STOTESBURY, Thomas, of Northampton.
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Family and Education
m. by July 1411, Joan.1
Bailiff, Northampton Mich. 1417-18.2
The Stotesbury family was well known in later medieval Northampton, and this MP almost certainly numbered among his kinsmen the lawyer, John Stotesbury*, who represented the borough on three occasions during the later 14th century. In July 1414, some four years after John’s death, a relative and namesake of his, who had evidently inherited his property at Sulgrave, was bound over at the Northampton assizes for disturbing the peace; and Thomas Stotesbury came forward to offer personal securities of £40 as a guarantee of his future good behaviour. The two men again appeared in court in February 1416, when, together with Thomas’s wife, Joan, and one of John’s sons, they were arraigned on an assize of novel disseisin by a local man named John Freeman. The plaintiff soon dropped his case, however, and no more is heard of it. Stotesbury seems to have been of a somewhat quarrelsome disposition, since he was often involved in disputes over property during this period. In July 1411, for example, he and his wife began a lawsuit for the recovery of unspecified holdings in Northamptonshire; this was followed by a second round of litigation in August 1413 and a third barely six months later.3
Despite his preoccupation with legal matters, Stotesbury did not neglect his more public commitments. He attended the borough elections to the Parliaments of 1413 (May), 1416 (Mar.), 1421 (May) and 1425, offering sureties on the last occasion for the attendance of the successful candidates. He had already served a term as bailiff of Northampton by the time of his own return to the Lower House, which was still sitting when, in November 1419, he agreed to become a mainpernor at the Exchequer for the farmer of certain holdings in Northampton. These had been confiscated by the Crown from a local rentier named Thomas Watford, who is known to have made Stotesbury his feoffee, so it may be that our Member already possessed more than a passing interest in this transaction. By the time of his death he not only held all Watford’s urban property in trust, but had acquired a title to his estates in the Northamptonshire village of Watford as well.4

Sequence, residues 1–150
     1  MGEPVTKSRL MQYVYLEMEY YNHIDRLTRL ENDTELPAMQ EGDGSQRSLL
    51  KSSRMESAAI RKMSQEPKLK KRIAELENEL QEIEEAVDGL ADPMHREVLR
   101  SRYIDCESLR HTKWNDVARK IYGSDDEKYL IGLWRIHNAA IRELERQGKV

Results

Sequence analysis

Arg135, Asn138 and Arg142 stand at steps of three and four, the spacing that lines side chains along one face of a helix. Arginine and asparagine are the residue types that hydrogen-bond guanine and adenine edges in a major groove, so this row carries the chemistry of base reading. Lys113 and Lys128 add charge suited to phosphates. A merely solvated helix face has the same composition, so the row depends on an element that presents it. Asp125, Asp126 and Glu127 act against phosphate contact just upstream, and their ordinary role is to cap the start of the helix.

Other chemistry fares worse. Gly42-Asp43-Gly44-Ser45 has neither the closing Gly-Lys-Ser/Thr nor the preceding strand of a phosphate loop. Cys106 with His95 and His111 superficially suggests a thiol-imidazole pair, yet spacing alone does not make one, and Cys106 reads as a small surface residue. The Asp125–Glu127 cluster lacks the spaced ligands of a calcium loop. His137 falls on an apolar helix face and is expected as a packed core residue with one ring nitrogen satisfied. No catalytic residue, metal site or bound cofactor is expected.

Although he never became mayor of Northampton, Stotesbury was obviously a figure of some consequence there, as can be seen from his appearance, in February 1424, among the ‘venerable company of discreet men’ who witnessed an enrolment in the town records on behalf of the local Carmelite priory. At about this time he also attested a series of deeds for his fellow burgess, John Loudham*, but no more is heard of him after the last of these conveyances was drawn up in March 1425. His death could, however, have occurred at any point between then and June 1456, the date of a charter which describes him as ‘Thomas Stotesbury of Northampton, draper, since deceased’.5